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Study Skills Courses Are Game-Changers for All Students—Struggling or Enriched

A study skills class could hold the key to better grades, more free time, and success at the college level. Who wouldn't want to get better grades and have more free time?

When I got home today, I told my kids "the bracation is over." Most people refer to it as the summer slump or summer slide. I call it a "bracation" because their brains have sought temporary residence on a game-filled island paradise for the past six weeks.

Trust me, I let them have a break. The boogie boarding on the staircase is certainly proof.  But, I can't afford to let them lose 20% of what they learned last year (which is a conservative estimate by the way). 

For better or worse, they also serve as my "test" students for any curriculum I consider adopting for my tutoring business. Don't bother telling them how lucky they are, they already know.

When I got home, I sliced open the box with my awesome Cutco scissors and proudly revealed my greatest find - Soar Study Skills.  Much to my kids' chagrin, Soar is a 6 week study skills course, or in their case, a jam packed week-long course with mom at the helm. 

Once the cacophony of strange verbal grunts subsided I told them, "Look, my mom did the same thing to me when I was your age. She signed me up for a study skills course that lasted all summer.  You're lucky yours is only a week." Fact:  It probably didn't last all summer, but it certainly felt like it, and as I recall the air conditioning was broken, and we were in New Jersey. 

Typically, when I want to win them over, I start with the bottom line. So, I asked them, "Would you like to know the secrets to getting better grades and spending less time on homework?" Alright, it had an attorney ring to it. But, it's ingrained and I can't help it.

It worked. But, if it didn't I was ready with a few statistics that Soar used to win me over. For example, in 2009, an Ohio State University Study demonstrated that there is a 600 percent increased likelihood that "average" high school students will graduate from college if they take a study skills class. 

There is little doubt in my mind that the Cornell note-taking method helped me breeze through high school and college and gave me the edge that I needed in law school. So, even though my kids may feel like I am academically hazing them, it really is for their own good and someday they'll thank me.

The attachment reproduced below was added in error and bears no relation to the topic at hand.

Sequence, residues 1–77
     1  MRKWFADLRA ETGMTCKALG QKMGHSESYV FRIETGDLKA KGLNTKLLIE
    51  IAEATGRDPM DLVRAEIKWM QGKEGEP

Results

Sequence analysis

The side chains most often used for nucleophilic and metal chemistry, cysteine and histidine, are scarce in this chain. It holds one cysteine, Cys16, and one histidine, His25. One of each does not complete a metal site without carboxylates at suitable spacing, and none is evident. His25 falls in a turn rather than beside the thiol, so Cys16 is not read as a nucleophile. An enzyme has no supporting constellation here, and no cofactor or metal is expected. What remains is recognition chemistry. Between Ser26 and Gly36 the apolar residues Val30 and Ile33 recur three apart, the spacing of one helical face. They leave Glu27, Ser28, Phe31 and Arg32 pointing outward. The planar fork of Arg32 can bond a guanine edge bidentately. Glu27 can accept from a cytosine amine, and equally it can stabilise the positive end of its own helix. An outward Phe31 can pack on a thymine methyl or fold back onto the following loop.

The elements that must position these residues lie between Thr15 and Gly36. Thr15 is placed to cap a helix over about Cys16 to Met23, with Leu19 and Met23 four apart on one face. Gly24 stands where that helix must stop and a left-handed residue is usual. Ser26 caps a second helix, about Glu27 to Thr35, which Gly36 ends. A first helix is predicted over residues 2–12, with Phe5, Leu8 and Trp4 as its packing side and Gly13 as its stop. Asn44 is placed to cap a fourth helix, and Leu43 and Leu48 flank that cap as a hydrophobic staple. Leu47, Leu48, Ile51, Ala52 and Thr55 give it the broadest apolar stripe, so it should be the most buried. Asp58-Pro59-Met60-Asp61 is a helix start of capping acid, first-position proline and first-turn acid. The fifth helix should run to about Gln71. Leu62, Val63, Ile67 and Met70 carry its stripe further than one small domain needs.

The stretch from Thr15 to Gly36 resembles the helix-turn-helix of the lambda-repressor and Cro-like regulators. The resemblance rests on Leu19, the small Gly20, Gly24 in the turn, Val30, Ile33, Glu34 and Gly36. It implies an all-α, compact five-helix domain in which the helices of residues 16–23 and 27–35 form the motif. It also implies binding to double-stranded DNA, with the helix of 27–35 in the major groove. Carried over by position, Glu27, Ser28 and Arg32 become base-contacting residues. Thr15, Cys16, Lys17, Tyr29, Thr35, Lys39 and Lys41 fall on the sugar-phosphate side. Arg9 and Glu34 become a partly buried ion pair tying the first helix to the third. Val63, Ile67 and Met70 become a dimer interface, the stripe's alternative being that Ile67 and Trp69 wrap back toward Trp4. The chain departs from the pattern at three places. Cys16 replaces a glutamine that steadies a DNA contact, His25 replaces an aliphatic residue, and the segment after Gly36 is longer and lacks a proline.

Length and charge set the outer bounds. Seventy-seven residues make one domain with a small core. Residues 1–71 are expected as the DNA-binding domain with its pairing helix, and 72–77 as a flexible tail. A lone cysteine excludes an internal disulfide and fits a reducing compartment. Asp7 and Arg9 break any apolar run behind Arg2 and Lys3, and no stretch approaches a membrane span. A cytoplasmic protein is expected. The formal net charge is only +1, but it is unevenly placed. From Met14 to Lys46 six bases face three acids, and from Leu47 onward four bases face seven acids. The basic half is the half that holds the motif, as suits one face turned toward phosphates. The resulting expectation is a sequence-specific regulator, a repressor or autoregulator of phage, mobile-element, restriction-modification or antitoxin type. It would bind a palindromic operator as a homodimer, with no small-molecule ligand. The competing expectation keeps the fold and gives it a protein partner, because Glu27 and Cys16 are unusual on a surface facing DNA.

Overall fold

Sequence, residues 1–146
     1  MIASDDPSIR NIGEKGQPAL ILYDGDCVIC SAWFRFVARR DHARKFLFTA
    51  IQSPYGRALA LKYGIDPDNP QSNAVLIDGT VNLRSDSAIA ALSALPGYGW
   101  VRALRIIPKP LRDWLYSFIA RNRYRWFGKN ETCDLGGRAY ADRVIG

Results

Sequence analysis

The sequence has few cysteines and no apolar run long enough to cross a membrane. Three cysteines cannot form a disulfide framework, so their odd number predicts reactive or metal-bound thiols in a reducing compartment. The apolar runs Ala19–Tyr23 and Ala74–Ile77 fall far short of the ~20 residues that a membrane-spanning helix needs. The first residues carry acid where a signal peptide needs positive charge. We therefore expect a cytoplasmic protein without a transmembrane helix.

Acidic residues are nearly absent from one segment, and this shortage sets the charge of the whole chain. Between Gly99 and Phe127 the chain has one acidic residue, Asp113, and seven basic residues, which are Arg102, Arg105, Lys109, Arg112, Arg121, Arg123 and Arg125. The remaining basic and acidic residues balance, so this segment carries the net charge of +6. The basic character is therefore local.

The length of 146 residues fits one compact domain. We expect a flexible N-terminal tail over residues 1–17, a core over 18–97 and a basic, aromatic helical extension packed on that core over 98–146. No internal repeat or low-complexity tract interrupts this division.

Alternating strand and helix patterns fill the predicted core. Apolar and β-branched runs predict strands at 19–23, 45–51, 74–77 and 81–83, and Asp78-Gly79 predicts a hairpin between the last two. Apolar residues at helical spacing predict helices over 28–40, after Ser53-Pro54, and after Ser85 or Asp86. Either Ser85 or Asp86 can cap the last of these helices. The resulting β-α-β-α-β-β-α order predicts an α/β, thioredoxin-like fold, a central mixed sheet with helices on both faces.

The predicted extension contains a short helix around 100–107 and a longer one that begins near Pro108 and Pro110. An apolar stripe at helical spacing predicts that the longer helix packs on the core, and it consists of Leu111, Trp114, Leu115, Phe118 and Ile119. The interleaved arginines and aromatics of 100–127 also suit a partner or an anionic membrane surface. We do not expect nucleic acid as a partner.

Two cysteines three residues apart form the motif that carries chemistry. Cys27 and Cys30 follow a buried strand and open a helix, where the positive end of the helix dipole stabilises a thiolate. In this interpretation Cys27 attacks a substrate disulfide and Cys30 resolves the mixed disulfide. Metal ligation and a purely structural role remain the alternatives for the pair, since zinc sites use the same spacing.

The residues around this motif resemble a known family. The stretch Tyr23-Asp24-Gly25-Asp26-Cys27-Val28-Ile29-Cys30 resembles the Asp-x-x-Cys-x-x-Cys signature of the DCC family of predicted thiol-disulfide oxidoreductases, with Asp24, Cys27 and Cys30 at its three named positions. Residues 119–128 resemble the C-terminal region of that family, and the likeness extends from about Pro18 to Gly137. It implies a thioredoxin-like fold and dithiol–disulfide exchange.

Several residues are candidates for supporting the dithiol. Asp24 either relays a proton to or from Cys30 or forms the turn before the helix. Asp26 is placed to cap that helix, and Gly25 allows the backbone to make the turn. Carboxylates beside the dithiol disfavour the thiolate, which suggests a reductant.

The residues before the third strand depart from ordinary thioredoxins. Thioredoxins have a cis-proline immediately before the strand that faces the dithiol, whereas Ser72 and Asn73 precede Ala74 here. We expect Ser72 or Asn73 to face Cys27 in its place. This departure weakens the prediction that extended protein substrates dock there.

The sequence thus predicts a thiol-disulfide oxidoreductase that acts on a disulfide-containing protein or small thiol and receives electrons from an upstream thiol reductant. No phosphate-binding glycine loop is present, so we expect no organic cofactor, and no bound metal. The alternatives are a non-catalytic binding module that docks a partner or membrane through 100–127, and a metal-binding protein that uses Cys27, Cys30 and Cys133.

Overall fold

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Alexandra Wilcox September 11, 2011 at 03:14 PM
There are so many study skills I consider important but the main ones include: setting goals, prioritizing, organizing, knowing how to ask questions, how to read a textbook more efficiently and productively, tracking your progress, and celebrating your achievements. Out of all of those, if I had to choose just one: getting an agenda or planner. With a planner, a student can effectively track assignments, expectations from the teacher/professor, and monitor progress and achievements.
Alexandra Wilcox September 11, 2011 at 03:26 PM
We use our study skills curriculum for Upper Elementary through Graduate school. Whenever we tutor clients we introduce behaviors that will make their lives easier - study smarter not harder. For our adult learners, we focus more on goal-setting, communication skills and strategies, and time management. My most practical tip: set 5 goals for yourself, map your actions to achieve those goals, and then schedule time to achieve those actions in your planner. Track your progress monthly. When you accomplish a goal, celebrate.
M September 24, 2011 at 01:29 PM
What do you think of intervention classes at school to help struggling students? I hear our new super Mr. Farely does not like intervention classes and I am wondering what impact this may have on our kids down the road.
Alexandra Wilcox September 26, 2011 at 12:30 AM
M - great question. My short answer: I'm an advocate for anything that helps a student achieve his or her potential. If assistance comes in the form of intervention classes - or other support - before, during, or after school, then we should provide it. Unfortunately, it's not all that easy. We have budget concerns - and they are indeed, significant. However, if we truly believe that no child is left behind, then we must also acknowledge that each child/student is unique. There are children with learning challenges that we simply cannot accomodate in a one-size fits all classroom. I don't know what Dr. Farley believes with respect to intervention classes and can't comment on it. But, I do know our world is getting smaller. Therefore, if we intend to compete against other countries, we need to really look at our educational system and query whether we are providing our students with the resources they need to succeed on a global level. If we fail to provide our students with the tools they need to succeed, the impact is almost unfathomable, and we'll need more than "Superman" to fix it.

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